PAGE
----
01/18/2016 06:43 EST | Updated 01/18/2016 09:59 EST

Rona Ambrose Suggests It's Better For Canada To Be Rich Than 'Hip'

The interim Conservative leader made a reference to a recent New York Times article about Canada.

Interim Conservative Leader Rona Ambrose kicked off a cross-Canada tour Monday by taking aim at the Liberal government’s grasp on the economy, and mocking the American media’s keen interest in the prime minister.

Addressing a luncheon crowd in Toronto, Ambrose referenced a recent New York Times article titled, “With the Rise of Justin Trudeau, Canada Is Suddenly … Hip?” — using the feature to make a point that having a cool prime minister doesn’t keep debt at bay.

“And not just that we’re hip,” she said, alluding to the Times piece. “We want to hip, but we don’t want to be broke.”

Interim Conservative Leader Rona Ambrose answers questions at the Canadian Club in Toronto on Jan. 18, 2015. (Photo: @RonaAmbrose/Twitter)

Ambrose added that she has reached out to Trudeau to meet and discuss the “rapidly deteriorating economic situation,” saying the Liberal cabinet ministers are a “very new and untested group” of people at the helm.

“We need a plan. We really need a plan on the economy,” Ambrose said.

She also took a swipe at the prime minister for the tabloid coverage surrounding his family trip to a small Caribbean island over the Christmas holidays.

“I mentioned at the beginning it’s exciting times in politics, but that’s not just because Justin Trudeau’s on TMZ.”

The speech comes amid a tanking Canadian dollar and sliding oil prices — trends Ambrose used to blast the Liberals’ campaign promise to limit deficits to a “modest” $10 billion annually.

“We have to worry about the amount of debt we leave to the next generation.”

Rona Ambrose

In November, the Liberals were scrutinized by opposing parties and accused of breaking an election promise after Finance Minister Bill Morneau forecasted a $3-billion deficit by the end of 2015 — after the previous Conservative government predicted a $2.3-billion surplus.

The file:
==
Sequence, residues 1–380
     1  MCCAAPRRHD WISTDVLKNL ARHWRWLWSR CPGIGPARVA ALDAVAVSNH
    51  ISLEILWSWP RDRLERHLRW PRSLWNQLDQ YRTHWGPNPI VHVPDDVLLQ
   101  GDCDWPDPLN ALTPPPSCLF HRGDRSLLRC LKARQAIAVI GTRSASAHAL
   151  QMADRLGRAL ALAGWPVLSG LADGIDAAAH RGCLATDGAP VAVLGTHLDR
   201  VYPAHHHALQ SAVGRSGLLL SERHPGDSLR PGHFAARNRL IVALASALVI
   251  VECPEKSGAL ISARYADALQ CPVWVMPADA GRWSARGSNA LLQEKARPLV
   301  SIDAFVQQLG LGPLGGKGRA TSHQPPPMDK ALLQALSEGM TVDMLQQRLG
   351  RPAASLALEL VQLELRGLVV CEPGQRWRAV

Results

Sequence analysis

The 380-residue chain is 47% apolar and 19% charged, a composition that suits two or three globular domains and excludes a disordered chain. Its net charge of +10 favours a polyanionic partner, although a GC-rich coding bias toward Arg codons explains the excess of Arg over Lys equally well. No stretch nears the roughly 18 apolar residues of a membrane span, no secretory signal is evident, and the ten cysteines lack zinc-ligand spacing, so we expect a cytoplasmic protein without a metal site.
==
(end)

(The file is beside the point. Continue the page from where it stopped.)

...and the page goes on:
“We have to worry about the amount of debt we leave to the next generation,” Ambrose told the Toronto crowd.

The interim leader is scheduled to speak in Winnipeg, Vancouver, and Calgary later this week.

Trudeau confident about Liberal budget

Speaking in New Brunswick Monday, Trudeau ducked questions about the possibility of the country’s deficit exceeding the aforementioned $10 billion during his first year in office.

“I have instructed Bill (Morneau) to put forward a strong budget that reflects the needs of Canadians and the needs of the Canadian economy, focused on growth while remaining fiscally responsible,” the prime minister said, adding he has “every confidence in the world that’s exactly what [the government is] going to deliver.”

Trudeau made the comments at a seaside resort where he’s meeting his cabinet for a three-day retreat to discuss Canada’s current economy, as well as its short and long-term trajectory.

Earlier in the day, Ambrose released an open letter to Trudeau, citing “great concern” over the country's economy.

“... There is no clarity on the limit of spending being considered by your government as it prepares to bring in a budget,” she wrote.

Ambrose extended an offer to the prime minister to work with his government, ending the letter with the hope Trudeau will “consider this request in the spirit in which it is made."

With files from The Canadian Press

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